There also seems to be no real reason for M’s obsessive jealousy. Presumably she and Nick have a happy marriage – that too is something you can tell us more about. Does she have any reason, other than just childish anxiety, for being so convinced he’s cheating on her? Yes, the suspicion could cross her mind; but it needn’t dominate her so. (Unless you’re channelling Othello: “Trifles light as air are to the jealous fancy, confirmations strong as holy writ.”)
The other main character in the story is Nick – though really his appearance is just sort of a blink-and-you’d-miss-it affair: we meet him on p. 65, and he’s dead by p. 87. For him too, there’s a lack of depth in your description: we know he’s an architect, but other than that he’s just a collection of adjectives – sexy, gorgeous, hunky, attractive, etc.
And I must say, I find his total focus on Michelle a bit unrealistic: do real men utter hardly a word that isn’t a swooning paean of love to their wives?! (Ask your hubby about that too.) I can see it for the first few hours of their reunion, until the novelty wears off; but then wouldn’t he perhaps move on to telling her stuff about his work, asking about home and the kids, describing the trips he’s made and the people he’s met, etc. etc.?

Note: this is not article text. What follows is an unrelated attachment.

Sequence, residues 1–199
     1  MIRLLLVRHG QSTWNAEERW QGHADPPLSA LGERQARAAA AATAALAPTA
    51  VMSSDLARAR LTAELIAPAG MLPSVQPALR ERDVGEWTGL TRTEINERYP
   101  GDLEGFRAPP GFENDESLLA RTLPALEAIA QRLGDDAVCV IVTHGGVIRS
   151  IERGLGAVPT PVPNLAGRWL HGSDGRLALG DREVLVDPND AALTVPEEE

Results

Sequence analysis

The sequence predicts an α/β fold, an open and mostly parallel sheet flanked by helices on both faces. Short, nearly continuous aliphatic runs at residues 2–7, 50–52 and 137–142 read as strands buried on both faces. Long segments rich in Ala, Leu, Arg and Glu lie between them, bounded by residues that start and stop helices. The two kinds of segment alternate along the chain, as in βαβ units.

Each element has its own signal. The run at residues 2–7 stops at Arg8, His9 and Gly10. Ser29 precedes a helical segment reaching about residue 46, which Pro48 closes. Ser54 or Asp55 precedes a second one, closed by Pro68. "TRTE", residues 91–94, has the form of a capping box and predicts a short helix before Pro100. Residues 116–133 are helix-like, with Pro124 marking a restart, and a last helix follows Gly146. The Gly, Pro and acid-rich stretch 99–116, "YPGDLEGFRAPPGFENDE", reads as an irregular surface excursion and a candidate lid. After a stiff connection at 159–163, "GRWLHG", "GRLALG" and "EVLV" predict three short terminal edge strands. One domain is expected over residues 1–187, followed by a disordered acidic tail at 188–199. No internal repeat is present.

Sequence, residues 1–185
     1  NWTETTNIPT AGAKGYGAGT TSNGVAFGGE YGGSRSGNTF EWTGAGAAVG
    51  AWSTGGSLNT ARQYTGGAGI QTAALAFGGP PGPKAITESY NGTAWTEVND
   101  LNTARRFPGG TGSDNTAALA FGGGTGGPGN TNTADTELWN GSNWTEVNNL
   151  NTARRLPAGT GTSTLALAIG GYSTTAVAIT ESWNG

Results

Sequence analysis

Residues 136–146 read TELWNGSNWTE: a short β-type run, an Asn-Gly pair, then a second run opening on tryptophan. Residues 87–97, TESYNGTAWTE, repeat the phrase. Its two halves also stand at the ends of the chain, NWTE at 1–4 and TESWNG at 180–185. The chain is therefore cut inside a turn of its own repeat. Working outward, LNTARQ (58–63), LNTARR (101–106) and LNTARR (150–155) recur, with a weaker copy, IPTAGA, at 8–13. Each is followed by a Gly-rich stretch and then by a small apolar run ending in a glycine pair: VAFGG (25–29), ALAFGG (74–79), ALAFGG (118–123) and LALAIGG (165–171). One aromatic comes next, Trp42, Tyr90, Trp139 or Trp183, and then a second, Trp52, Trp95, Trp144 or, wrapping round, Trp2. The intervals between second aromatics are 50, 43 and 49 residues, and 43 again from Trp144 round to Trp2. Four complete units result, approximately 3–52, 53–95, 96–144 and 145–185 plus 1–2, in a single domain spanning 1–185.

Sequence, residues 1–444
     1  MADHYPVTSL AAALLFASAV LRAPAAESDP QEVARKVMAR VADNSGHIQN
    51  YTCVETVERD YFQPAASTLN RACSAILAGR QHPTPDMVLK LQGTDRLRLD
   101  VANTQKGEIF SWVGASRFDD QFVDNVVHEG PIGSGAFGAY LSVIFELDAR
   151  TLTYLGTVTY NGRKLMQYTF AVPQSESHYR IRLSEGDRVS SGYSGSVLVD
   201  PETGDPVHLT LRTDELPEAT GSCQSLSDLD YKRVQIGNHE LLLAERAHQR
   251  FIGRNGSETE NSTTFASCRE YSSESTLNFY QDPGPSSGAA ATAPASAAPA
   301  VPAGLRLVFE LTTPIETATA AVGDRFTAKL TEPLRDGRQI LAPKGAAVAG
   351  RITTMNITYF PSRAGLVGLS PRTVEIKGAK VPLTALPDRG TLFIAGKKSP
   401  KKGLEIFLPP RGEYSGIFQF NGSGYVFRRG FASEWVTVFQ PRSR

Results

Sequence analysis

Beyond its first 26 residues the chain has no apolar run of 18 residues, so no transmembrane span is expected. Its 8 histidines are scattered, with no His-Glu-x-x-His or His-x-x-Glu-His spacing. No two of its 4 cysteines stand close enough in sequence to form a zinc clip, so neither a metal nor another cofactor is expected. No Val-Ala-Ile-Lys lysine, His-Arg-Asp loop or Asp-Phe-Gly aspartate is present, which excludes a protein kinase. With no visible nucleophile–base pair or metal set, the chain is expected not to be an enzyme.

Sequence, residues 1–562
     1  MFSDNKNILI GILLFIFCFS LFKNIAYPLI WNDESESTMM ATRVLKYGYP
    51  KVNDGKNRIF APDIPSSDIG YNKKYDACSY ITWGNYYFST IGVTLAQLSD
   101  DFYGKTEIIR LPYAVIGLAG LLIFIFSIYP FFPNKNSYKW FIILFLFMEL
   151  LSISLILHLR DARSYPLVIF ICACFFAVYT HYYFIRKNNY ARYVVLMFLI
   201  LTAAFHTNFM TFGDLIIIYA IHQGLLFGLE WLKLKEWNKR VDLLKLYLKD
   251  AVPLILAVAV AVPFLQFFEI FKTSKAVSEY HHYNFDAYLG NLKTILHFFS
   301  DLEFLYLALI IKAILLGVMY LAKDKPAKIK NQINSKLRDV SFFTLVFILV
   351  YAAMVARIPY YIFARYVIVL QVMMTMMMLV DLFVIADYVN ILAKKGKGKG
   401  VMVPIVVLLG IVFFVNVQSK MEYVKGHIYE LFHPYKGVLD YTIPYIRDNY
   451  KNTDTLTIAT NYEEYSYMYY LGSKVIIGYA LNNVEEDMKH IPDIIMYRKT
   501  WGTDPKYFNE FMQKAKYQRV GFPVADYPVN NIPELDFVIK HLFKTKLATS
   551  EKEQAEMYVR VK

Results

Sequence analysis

I also had difficulty believing that in this modern age, a husband and wife have to be entirely parted just because he’s half the world away. As long as wherever he is has an Internet connection, surely they can email and/or Skype? If he’s at a work site in a remote area, he could tell her so in advance: “I won’t be in touch again till Tuesday, honey – Aegina is just about off the grid, no email there.”
The other people in the story are all basically supporting characters: M's mom and dad, her friend Chanel, Cheri, Paul, Nick’s mother, etc. Still, it would be nice if we knew more about them: all we really learn is how they react to Michelle. Can you throw in a few details, to flesh them out?
Chanel: Every heroine needs a best friend – and in your brief description of her on p. 17, you actually tell us more about her than you do about Michelle herself! But then you tell us that M was perturbed that her conversations with Chanel lately always turned to the subject of God. However, since M does, in fact, find religion by the end of the book, you need to start weaving in that theme a little earlier, and more strongly. I guess you tell us about M’s initial feelings by way of a “before and after” position statement, so your readers can gauge the strength of her conversion – from “irritated by God” to “whole-hearted believer.”